The national question is a theme that is hotly debated in Russian politics, with proponents of ethnic and civic models battling it out. As in Western Europe however, it is the civic version that is dominant, and Russia possesses its very own variant of multiculturalism. What makes the national question such a live issue is the relative demographic decline of ethnic Russians which is paralleled by a surge in immigration from nearby Muslim states and higher birth rates amongst Muslim indigenous ethnic groups within Russia. Violent Islamism continues to bedevil the country and over the past decade the DPNI (Movement Against Illegal Immigration) has sprung up to address concerns about the mass influx of non-Russians. Presidential contender Vladimir Putin evidently thinks that votes are to be won by touching upon this theme, for he has just published his thoughts on the national question in Russia (see the forthcoming article ‘Russia and the National Question: Putin the Patriot?’).
The soft underbelly of the Russian state is the North Caucasian Federal District, of which the Muslim republics of Chechnya and Ingushetia form component parts. It is from this region that the bulk of Russia’s domestic Islamist threat originates. Abutting onto this is the Southern Federal District, of which Rostov-on-Don is the administrative centre. Last week Rostov bore witness to a mass brawl between local Russian students and ethnic Ingush (the latter being a Sunni Muslim ethnic group) that resulted in two individuals being taken to the local hospital to be treated for concussion. The fight was brought to an end when one of the as yet unidentified participants drew out an ‘Osa’ pistol and fired several shots into the air. According to Nezavisimaya gazeta, “the incident took place a week ago next to a dormitory building of the Don Technical University” and local officials have subsequently taken “measures to forestall the appearance of extremism and interethnic conflicts.”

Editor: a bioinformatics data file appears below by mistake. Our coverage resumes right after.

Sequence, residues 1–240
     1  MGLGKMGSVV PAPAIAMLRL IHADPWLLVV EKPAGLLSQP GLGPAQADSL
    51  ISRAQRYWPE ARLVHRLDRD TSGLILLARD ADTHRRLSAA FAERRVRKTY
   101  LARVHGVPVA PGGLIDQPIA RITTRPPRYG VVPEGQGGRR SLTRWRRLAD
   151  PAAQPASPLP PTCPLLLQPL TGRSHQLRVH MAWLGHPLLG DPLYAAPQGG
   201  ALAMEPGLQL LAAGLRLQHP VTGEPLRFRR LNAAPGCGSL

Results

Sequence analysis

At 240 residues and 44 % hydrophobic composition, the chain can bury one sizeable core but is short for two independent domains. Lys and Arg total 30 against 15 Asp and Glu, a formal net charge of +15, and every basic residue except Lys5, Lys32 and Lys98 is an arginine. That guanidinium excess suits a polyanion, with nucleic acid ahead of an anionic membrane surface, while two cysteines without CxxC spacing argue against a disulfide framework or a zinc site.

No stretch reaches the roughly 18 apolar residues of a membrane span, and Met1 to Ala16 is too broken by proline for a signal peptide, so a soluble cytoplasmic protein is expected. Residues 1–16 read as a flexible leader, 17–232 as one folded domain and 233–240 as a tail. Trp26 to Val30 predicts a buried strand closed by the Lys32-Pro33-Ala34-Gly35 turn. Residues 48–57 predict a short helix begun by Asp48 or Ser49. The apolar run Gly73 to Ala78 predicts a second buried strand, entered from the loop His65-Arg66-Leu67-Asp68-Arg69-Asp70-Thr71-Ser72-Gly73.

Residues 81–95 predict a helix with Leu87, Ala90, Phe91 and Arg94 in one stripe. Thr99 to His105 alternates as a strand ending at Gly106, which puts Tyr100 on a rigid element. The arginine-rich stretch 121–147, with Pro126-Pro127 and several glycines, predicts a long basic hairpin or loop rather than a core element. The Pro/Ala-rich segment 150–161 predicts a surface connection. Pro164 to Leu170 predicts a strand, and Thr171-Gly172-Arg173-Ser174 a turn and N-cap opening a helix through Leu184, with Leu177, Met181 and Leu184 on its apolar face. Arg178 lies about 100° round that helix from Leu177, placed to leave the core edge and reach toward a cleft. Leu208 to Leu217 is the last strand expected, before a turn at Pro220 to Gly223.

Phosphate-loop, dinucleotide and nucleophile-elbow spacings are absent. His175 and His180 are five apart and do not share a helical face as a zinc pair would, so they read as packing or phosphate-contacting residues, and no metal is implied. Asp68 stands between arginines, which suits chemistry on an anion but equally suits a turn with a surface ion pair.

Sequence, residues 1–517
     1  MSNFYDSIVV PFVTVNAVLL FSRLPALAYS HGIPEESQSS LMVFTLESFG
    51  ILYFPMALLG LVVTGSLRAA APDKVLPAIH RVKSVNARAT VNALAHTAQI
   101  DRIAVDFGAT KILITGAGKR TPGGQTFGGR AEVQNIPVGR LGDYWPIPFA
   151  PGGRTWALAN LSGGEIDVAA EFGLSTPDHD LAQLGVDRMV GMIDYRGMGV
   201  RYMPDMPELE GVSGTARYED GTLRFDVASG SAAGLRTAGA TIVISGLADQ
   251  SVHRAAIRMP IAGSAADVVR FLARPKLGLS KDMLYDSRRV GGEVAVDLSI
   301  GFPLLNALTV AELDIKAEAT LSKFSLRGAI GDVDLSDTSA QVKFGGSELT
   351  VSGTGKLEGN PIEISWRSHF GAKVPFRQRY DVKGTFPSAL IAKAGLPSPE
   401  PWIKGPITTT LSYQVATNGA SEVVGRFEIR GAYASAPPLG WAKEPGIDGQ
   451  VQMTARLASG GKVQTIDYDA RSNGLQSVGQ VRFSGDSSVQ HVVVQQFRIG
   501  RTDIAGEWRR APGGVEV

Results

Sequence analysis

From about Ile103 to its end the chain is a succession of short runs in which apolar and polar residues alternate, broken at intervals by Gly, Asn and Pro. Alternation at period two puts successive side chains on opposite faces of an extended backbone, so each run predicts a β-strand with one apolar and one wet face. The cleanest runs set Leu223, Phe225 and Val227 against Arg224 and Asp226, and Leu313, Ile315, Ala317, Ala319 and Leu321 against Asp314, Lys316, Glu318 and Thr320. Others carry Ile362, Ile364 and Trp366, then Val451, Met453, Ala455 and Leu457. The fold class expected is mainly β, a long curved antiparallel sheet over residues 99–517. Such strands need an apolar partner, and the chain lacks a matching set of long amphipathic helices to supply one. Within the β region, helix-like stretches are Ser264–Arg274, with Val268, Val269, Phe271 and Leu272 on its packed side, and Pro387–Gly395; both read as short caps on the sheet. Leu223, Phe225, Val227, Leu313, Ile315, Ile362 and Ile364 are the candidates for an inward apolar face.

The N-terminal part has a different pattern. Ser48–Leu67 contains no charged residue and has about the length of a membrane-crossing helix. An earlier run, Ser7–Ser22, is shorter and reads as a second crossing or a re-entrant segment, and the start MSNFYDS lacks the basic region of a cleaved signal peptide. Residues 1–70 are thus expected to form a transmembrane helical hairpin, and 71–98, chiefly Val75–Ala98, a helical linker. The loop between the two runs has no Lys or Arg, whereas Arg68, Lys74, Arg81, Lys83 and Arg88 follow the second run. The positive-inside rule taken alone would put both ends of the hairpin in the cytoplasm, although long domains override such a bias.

According to Kavkazskii uzel, additional information suggests that “on one side were local residents aged 25 and 19, on the other, seven students from the technical university, having come from Ingushetia to study. Almost all of the students were of the same age: namely 19.” The fight is said to have been sparked by a slanging match that arose between the two.
The local authorities are concerned by this incident because it is not an isolated case. Kavkazskii uzel notes that there have been recent mass brawls in the city and elsewhere in the Rostov District, notably on 2 January when a 38-year-old died of a chest wound and three others were hospitalised; four were hospitalised with serious injuries following a violent ethnic clash in Rostov-on-Don’s Lenin Square in August last year; last July two dozen people were injured (nine hospitalised) in the hamlet of Mel’nikov in the inappropriately named Veselovskii (literally ‘cheerful’ or ‘merry’) region, and another fight between students broke out in the port city of Taganrog on 9 February 2011.
The wounding and subsequent death of Russian student Maksim Sychev by an Ingush student named Khazbulat Markhiev at the Rostov State Construction University at the end of November 2010 caused uproar in Rostov. On 12 December that year a protest was held that attracted some 2,500 participants bringing together “students, football fans, national-patriotic and other informal opposition bodies”. Markhiev was later charged with bringing about Sychev’s death through inflicting “traumatic brain injury” for which he received a three-year sentence.
Taking into consideration the aforementioned context, it can be no surprise that the atmosphere in Rostov must therefore be rather tense. The question that naturally poses itself is this: are these incidents unrelated, or are they symptomatic of something more worrying in the state of Russo-Ingush ethnic relations?
Russians and Ingush Clash in Rostov-on-Don
(picture courtesy of Russkii obozrevatel')